Two contrasting headlines about recent climate in the U.S. this spring caught my attention. Both came from NOAA’s National Centers for Environmental Information. The headlines were from the assessments of climate in the U.S. for April and May of 2018.
• The contiguous United States had its coldest April in more than 20 years.
• The contiguous United States had its warmest May on record.
The part of the U.S. where you live might not have seemed unusual. However, we noticed these differences in the midwest. Before examining April and May specifically, we will look at the climate for the year-to-date in the next two graphics. Relative to the period from 1895-2018, the upper plains was below average in temperature for the first five months of the year. The west was above to much above normal with record setting temperatures in the southwest.
Not shown in the graphic, the Alaska year-to-date temperature was 20.7°F, or 4.9°F above average. It was the ninth warmest on record. Western and northern Alaska were much above normal. Record low amounts of sea ice in the Arctic likely contributed to the warming.
The eastern U.S. was wetter than average year-to-date. Pennsylvania, New Jersey, Rhode Island and West Virginia had top ten precipitation amounts. It was also true for parts of the Northern Rockies and Plains due mainly to snow early in 2018. Below average precipitation was recorded in the Southwest, Great Plains and Upper Midwest. Some areas were much below normals.
April 2018 Assessment
The full assessment report for April can be found here. Parts of it will be highlighted in this post. April was the 13th coldest on record for the contiguous states. It was the coldest since 1997. Several anomalies are noted in the following graphic. Regions had record cold, heat, rainfall, snowfall, precipitation, and drought. It was a wide ranging mix of conditions. Click to embiggen to see the details.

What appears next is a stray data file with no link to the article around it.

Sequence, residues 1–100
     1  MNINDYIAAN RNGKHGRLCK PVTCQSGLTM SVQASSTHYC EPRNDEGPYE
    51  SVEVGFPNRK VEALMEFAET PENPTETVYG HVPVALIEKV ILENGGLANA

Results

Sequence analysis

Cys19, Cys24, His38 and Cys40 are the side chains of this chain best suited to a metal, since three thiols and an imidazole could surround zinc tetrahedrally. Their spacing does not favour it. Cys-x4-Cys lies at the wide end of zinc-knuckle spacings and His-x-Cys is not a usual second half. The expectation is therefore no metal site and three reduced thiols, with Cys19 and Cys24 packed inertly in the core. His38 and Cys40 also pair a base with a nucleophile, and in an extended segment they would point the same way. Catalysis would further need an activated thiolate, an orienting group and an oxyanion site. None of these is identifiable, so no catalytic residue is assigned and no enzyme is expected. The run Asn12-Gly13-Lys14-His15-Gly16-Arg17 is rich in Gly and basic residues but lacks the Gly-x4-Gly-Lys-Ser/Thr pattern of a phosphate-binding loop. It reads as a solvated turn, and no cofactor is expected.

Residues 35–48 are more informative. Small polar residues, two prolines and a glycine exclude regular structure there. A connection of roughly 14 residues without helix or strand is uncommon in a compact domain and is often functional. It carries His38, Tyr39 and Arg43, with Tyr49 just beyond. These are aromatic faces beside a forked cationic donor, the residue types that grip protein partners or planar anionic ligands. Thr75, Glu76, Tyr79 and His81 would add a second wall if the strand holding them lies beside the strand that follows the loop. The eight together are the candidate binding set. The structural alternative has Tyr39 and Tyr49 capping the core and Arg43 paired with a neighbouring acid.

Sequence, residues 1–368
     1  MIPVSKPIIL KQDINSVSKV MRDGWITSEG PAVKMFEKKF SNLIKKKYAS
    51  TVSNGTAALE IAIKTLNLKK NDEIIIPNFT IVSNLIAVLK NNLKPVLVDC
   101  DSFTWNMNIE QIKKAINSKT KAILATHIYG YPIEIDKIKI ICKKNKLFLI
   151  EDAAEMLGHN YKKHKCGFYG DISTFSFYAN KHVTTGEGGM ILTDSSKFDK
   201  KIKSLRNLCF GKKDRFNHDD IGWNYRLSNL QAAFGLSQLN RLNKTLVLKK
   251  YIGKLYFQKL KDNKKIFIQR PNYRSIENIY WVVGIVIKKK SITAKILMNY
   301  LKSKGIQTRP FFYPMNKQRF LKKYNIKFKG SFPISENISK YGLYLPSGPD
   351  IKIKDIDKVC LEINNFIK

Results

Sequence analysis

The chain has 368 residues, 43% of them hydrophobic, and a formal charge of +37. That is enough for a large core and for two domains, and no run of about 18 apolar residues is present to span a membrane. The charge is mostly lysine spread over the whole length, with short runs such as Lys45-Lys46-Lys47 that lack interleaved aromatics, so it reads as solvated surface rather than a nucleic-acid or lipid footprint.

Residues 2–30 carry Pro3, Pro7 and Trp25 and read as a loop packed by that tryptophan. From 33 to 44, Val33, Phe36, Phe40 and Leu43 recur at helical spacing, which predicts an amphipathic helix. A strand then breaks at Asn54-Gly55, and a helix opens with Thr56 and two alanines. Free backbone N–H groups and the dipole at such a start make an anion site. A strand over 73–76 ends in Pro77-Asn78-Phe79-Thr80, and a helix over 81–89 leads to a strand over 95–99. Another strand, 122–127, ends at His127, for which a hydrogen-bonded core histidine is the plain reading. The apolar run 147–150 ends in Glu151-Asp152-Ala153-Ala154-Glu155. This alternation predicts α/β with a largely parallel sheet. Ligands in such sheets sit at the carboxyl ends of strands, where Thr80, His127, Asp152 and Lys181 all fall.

The eastern two thirds of the country was cold compared to the period from 1895-2018. The upper midwest was especially cold, setting records. We in Iowa thought winter was never going to end. It was our coldest April on record. We had several snowfalls. The southwest region on the other hand had record warmth.
Large parts of the country received above average precipitation seen here in green. The southwest, Texas, and through the central states was dry. I mentioned above that Iowa had several snowfalls in April. Southeast Iowa shows record dry conditions for April. Our snows were very dry with high snow to water ratios. Concern is growing in the heart of the country about the drought conditions.
May 2018 Assessment
The full assessment report for May can be found here. As with April, several anomalies are noted in the following graphic. Click to embiggen.
Record warmth for the May was set in the northwest and in a large swath across the central part of the country. Most of the rest of the country was much above average for May. The nationally averaged overnight low temperatures during May were 52.5°F, or 5.1°F above average. That is 2.0°F warmer than the previous record set in 1987. Daytime highs set records. It was 100°F on May 28 in Minneapolis, Minnesota. That was the earliest 100˚F on record.
May brought record and near-record precipitation to the southeast and mid-atlantic states in connection with the early storm Alberto. Drought conditions persisted along the West Coast, Southwest, Southern Plains, the Northeast and parts of the Midwest. Warm temperatures caused flooding by melting the high snowpack in parts of Idaho, Montana, Washington and Wyoming.
What will the summer months bring? That is not easy to predict. The NOAA Climate Prediction Center is charged with that responsibility. They issue a set of maps for the coming months based on input from a number of climate models. The predictions for June 2018 temperature and precipitation indicate much of the country will likely face above normal temperature. The contour line marked 70 around the A means there is a 70% probability that region will be above normal in temperature for June.
Precipitation expected in June varies around the country. The middle Atlantic and southeast have a 40% probability of above average precipitation. It is likely to be drier than normal in the areas marked B.